I literally tried everything. There was smoked salmon, cooked salmon, herring in several different sauces, pickled fish, ceviche, marinated fish, salted cod, fish stew, shellfish, soup, salad, vegetables, potatoes…so much food!! And randomly a leg of lamb that the chef would calves for you with a delicious red wine sauce.
Again I sat with my Kindle and thoroughly enjoyed myself. Of course there was a pudding buffet as well, and it would have been rude not to have tried some…I had blondies, rhubarb and oat cake and mango cheesecake. Yep I was stuffed!
I was a little concerned how my stomach would react to all this food as I had planned to run 13 miles the next morning (my last long run before the marathon). Because my tour the next day wasn’t until 1pm I could have a luxurious lie-in and a late breakfast. Thankfully I actually felt pretty good the next morning. I woke up naturally before my alarm (which had been set to 8am) and got ready to go.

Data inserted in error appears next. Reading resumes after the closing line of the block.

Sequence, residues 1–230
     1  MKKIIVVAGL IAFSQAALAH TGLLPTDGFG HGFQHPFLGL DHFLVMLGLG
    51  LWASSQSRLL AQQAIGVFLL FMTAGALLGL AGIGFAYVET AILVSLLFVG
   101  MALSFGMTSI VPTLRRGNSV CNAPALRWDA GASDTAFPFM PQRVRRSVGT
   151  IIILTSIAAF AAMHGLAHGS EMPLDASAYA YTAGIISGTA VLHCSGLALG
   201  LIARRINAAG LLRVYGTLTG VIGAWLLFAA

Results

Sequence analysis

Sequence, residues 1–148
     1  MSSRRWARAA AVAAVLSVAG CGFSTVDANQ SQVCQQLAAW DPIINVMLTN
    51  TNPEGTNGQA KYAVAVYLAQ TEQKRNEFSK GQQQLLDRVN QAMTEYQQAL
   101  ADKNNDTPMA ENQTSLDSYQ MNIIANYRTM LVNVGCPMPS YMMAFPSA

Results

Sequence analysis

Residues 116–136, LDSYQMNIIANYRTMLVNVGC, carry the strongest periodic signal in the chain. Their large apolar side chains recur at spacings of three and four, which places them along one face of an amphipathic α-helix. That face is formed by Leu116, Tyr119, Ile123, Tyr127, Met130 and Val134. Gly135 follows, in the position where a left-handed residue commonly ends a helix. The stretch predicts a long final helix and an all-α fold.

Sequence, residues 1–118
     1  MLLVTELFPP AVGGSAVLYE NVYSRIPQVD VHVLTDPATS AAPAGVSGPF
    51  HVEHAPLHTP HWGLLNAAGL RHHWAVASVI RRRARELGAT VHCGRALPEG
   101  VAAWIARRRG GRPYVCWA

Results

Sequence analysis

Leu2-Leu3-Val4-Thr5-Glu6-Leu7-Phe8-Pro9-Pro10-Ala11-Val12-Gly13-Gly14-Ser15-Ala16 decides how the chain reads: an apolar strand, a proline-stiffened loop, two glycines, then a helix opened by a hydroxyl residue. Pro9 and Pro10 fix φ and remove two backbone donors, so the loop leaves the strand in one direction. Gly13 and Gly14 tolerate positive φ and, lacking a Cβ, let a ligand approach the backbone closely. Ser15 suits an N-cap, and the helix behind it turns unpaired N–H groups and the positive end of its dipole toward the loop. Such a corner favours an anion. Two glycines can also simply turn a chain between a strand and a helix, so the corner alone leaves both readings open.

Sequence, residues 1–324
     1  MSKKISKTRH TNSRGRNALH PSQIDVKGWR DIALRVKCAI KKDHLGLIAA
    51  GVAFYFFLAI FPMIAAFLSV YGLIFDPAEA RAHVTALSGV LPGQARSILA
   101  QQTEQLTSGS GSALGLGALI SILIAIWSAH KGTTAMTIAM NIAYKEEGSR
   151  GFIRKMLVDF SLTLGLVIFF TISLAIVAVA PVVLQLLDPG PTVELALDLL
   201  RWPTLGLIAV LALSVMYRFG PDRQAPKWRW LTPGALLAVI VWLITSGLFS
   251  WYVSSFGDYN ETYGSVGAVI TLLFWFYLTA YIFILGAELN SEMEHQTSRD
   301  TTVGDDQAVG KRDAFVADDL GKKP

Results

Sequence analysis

I was initially nervous about running 13 miles in a new city but because I’d already done one run and lots of walking about I vaguely knew the area. I could run along the coastline quite easily and keep the sight of the church constantly in view which I knew was near where I was staying. Very handy!
I felt really good on this run. I listened to a podcast and just zoned out. I felt strong running and didn’t really think about my pace too much, except when I started going too fast. Near the coast it was very flat but it was a bit breezy. The weather was beautiful so I was pleased to whip out my MarathonTalk t-shirt from last year’s Run Camp.
Have you ever been on holiday on your own?
Do you enjoy running around new cities? I found it such a great way to get my bearings and see the sights!